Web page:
· the Space Launch System (SLS) program, which is developing a vehicle to launch a crew capsule and cargo beyond low-Earth orbit; · the Orion Multi-Purpose Crew Vehicle (Orion) program, which is developing a crew capsule to transport humans beyond low-Earth orbit; and · the Exploration Ground Systems (EGS) program, which is developing systems and infrastructure to support assembly, test, and launch of the SLS and Orion crew capsule, and recovery of the Orion crew capsule. Each of these programs represents a large, complex technical and programmatic endeavor and is in the integration and test phase of development. Our prior work has shown this phase of the acquisition

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process often reveals unforeseen challenges leading to cost growth and schedule delays.1

GAO has designated NASA’s management of acquisitions as a high-risk area for almost three decades. In our March 2019 high-risk report, we reported there was a lack of transparency in NASA’s major project cost and schedules, especially for its human spaceflight programs.2 We reported that the agency has not taken action on several recommendations related to understanding the long-term costs of its human exploration programs. For example, EGS and SLS do not have a cost and schedule baseline that covers activities beyond the first planned flight, and Orion does not have a baseline beyond the second planned flight. We have previously reported that without transparency into these estimates, NASA does not have the data to assess long-term affordability and Congress cannot make informed budgetary decisions.3

The House Committee on Appropriations included a provision in its 2017 report for GAO to continue to review NASA’s human space exploration programs, specifically the SLS, EGS, and Orion programs.4 This report is the latest in a series of reports addressing the mandate. This report assesses (1) how NASA’s human space exploration programs are performing, including any technical challenges, relative to their cost and schedule commitments, and (2) the extent to which NASA’s use of contract award fees is achieving desired program outcomes.

To assess the performance of the human space exploration programs, including any technical challenges, relative to their cost and schedule commitments, we obtained and analyzed program cost and schedule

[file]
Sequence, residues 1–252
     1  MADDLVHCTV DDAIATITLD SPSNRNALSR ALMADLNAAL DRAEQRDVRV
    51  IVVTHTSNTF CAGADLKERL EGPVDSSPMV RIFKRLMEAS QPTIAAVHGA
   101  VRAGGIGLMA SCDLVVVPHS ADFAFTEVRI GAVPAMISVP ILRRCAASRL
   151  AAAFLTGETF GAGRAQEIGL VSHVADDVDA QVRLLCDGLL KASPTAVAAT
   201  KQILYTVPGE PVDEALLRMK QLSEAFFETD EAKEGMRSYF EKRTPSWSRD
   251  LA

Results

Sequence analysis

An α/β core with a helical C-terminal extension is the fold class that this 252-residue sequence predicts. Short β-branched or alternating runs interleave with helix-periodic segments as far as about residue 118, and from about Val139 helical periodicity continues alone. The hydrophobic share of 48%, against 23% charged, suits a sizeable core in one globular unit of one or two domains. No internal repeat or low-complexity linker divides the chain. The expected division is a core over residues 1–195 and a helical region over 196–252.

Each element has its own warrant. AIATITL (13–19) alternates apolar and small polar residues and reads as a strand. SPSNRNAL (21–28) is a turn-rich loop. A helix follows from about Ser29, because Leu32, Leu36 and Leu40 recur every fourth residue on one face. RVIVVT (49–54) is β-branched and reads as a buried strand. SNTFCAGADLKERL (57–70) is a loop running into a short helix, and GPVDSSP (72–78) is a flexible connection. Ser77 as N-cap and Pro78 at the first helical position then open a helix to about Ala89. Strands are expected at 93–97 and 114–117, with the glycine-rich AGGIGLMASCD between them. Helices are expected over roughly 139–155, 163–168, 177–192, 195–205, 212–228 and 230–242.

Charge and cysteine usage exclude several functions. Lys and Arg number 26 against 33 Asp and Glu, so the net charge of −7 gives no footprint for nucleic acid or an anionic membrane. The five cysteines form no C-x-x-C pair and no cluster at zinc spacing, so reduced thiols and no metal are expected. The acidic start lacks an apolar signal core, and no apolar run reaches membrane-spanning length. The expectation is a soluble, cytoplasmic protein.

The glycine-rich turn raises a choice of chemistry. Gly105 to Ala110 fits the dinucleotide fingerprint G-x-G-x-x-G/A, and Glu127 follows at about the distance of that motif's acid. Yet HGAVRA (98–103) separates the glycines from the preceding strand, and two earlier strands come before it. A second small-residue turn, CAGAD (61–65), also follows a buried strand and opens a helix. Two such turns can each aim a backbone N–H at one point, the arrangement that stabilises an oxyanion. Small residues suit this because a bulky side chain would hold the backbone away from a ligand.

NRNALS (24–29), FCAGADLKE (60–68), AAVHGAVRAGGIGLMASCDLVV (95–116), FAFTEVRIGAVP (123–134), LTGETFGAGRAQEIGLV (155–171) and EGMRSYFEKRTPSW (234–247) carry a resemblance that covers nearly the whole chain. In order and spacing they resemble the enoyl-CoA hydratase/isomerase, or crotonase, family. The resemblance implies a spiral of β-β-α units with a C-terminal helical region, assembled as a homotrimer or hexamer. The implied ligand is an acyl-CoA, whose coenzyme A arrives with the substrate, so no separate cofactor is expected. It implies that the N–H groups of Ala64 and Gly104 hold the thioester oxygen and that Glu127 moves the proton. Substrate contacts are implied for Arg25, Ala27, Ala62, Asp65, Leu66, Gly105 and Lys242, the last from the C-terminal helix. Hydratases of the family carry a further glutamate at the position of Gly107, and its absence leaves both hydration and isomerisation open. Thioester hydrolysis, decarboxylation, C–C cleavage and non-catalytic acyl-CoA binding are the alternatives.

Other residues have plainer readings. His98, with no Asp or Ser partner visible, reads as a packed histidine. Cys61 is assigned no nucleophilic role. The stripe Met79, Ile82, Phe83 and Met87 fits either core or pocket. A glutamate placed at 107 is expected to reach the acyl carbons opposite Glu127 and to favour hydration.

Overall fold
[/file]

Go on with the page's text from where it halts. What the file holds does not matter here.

1GAO, Space Launch System: Resources Need to be Matched to Requirements to Decrease Risk and Support Long Term Affordability, GAO-14-631 (Washington, D.C.: Jul. 23, 2014); Space Launch System: Management Tools Should Better Track to Cost and Schedule Commitments to Adequately Monitor Increasing Risk, GAO-15-596 (Washington, D.C.: Jul. 16, 2015); and James Webb Space Telescope: Project on Track but May Benefit from Improved Contractor Data to Better Understand Costs, GAO-16-112 (Washington, D.C.: Dec. 17, 2015). 2GAO, High Risk Series: Substantial Efforts Needed to Achieve Greater on High-Risk Areas, GAO-19-157SP (Washington, D.C.: Mar. 6, 2019). 3GAO, NASA Actions Needed to Improve Transparency and Assess Long-Term Affordability of Human Exploration Programs, GAO-14-385 (Washington, D.C.: May 8, 2014). 4H.R. Rep. No. 115-231, at 62 (2017).

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estimates and compared them against baselines to determine cost and schedule growth. We also interviewed program officials to determine how the programs phase costs for future flights outside the current baseline. We also obtained and reviewed program risk registers and discussed the potential impacts of cost and schedule risks, including risk mitigation efforts to-date, with program officials. In addition, we assessed program schedules over time and compared performance against program plans to identify potential and realized schedule delays, including the impact of delays across the programs. We based our assessment on data collected prior to the federal government shutdown that occurred in December 2018 and January 2019. We determined the data we used were sufficiently reliable for the purposes of this engagement. This assessment does not reflect the effect, if any, of the shutdown on the programs’ costs and schedules or NASA’s March 2019 announcement that it is studying how to accelerate the SLS schedule.